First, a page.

During the Covid-19 crisis, cemeteries seem to be safe places. Not too many people are in them, at least not people that can spread the virus, and they always provide grounds for rumination. Besides, being outdoor spaces they can get you someplace outside the same four walls you see all the time. My wife and I both have an interest in genealogy. We’ve worked on our family trees and even try to keep our Reunion software up-to-date. This past weekend we visited a family burial plot in upstate New York. My wife’s family has a more accomplished pedigree than mine does, and one of her ancestors here actually merited an obelisk and was written up in local histories as a noteworthy member of the community. I also have ancestry in upstate, and we’ve traveled to some of their sites in the past, although their markers are usually harder to find.
Being in a cemetery, the logic of ancestor worship suggests itself. Without these people history as we know it would’ve been different. Without those who are our direct ancestors we wouldn’t even be here pondering our own insignificance. We wish these headstones could talk, saying more than the names, vital dates, and perhaps a quote from the Bible. We listen, hoping to gain knowledge of who they were. It seems to me that cemetery histories would be a boon to genealogists. For those of us whose predecessors were buried in small towns, such guides could be a real boon. As it is, Find A Grave dot com is often a helpful resource, but who wouldn’t like to be written up in an actual book? Network reception often isn’t great out here in rural America.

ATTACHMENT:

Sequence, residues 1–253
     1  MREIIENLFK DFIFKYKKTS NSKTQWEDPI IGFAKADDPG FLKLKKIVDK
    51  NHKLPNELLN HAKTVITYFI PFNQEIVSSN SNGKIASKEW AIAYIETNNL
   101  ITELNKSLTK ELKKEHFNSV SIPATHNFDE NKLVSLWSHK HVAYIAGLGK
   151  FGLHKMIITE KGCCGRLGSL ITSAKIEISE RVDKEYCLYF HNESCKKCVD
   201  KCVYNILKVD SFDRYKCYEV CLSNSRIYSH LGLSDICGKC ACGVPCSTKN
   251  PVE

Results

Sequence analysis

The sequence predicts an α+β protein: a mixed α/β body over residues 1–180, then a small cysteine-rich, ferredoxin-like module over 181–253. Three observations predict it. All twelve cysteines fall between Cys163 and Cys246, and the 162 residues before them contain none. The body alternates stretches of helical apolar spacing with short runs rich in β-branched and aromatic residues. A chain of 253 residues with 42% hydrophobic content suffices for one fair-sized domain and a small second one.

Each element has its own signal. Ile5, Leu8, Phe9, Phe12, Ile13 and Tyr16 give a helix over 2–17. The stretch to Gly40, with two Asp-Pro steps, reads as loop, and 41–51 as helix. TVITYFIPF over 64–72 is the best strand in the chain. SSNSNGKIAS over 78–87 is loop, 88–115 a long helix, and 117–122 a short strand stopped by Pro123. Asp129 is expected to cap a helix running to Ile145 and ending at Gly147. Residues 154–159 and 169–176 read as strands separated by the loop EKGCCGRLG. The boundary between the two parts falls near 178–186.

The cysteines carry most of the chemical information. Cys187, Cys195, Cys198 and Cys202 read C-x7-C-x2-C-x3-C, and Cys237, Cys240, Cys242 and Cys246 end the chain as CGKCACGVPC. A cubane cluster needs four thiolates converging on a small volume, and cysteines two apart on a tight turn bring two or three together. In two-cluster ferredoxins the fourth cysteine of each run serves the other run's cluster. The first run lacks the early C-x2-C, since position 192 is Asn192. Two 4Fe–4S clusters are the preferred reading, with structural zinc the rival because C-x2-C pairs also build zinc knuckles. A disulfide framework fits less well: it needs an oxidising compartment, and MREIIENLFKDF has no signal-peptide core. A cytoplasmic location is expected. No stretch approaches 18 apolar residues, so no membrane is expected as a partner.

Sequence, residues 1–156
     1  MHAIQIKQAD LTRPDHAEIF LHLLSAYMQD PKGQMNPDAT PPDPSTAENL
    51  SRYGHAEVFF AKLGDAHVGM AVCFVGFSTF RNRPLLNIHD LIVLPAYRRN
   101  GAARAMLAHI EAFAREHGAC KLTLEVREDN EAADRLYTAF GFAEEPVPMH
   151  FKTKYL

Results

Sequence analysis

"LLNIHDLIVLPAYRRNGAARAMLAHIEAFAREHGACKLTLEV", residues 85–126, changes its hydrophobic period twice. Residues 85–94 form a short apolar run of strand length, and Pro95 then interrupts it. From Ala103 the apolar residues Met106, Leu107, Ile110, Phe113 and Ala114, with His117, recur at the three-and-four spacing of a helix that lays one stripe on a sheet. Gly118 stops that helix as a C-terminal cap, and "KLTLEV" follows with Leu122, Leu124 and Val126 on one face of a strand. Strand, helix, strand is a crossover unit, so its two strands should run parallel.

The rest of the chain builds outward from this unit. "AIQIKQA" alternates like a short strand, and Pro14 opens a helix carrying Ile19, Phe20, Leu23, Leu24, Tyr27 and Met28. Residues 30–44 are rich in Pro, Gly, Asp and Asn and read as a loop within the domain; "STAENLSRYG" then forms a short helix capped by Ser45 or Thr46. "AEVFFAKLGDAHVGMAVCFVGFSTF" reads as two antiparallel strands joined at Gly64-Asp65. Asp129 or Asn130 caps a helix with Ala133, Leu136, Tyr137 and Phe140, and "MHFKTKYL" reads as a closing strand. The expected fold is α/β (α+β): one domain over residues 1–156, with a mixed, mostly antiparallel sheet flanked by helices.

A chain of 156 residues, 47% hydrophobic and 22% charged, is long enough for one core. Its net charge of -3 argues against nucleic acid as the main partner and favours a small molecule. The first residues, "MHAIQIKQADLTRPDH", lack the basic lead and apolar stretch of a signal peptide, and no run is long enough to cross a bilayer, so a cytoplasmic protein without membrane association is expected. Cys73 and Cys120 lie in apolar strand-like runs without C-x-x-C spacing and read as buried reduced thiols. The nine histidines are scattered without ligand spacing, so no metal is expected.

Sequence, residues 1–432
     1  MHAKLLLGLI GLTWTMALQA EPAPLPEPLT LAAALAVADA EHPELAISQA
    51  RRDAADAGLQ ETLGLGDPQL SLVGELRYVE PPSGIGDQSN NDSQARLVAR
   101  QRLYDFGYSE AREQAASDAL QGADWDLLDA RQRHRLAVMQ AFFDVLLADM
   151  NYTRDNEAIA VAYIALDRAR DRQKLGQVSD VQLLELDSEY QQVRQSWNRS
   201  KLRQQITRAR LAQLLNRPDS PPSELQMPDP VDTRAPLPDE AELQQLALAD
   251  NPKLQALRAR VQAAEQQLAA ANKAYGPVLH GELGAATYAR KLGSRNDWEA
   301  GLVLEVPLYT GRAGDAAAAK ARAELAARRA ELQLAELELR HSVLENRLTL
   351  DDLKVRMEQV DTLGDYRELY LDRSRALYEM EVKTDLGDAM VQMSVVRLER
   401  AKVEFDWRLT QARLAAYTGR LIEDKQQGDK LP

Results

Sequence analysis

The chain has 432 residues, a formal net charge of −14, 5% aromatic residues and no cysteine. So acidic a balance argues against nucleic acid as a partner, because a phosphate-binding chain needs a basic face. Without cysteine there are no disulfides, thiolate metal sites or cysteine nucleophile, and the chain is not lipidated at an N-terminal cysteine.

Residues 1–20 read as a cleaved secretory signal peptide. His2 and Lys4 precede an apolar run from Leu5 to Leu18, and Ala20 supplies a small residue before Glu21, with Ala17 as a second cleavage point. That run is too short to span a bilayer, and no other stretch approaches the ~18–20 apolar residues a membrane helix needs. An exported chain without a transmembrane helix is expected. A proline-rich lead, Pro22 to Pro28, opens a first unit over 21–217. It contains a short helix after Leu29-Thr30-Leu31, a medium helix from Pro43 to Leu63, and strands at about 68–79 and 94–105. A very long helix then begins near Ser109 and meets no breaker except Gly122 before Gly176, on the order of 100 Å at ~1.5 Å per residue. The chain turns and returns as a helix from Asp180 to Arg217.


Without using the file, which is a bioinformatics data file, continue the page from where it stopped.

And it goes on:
Graveyards are gateways to the past. In a world that feels like it’s changing way too fast, it seems right to have these places—these sanctuaries—to stop and reflect. They represent lives lived. Peaceful after the trauma of day-to-day angst and struggle. Unfortunately the pandemic is daily adding to the number of those who’ll be buried in cemeteries across the nation and around the world. Although somewhat preventable, we have no national will to stop the tragedy. So it is I find myself staring at a monument erected to someone I never knew, but without whom my life would’ve been vastly different. It’s a sunny day and I’m outside amid a crowd that can cause me no harm, but who, at times like this, inspire me.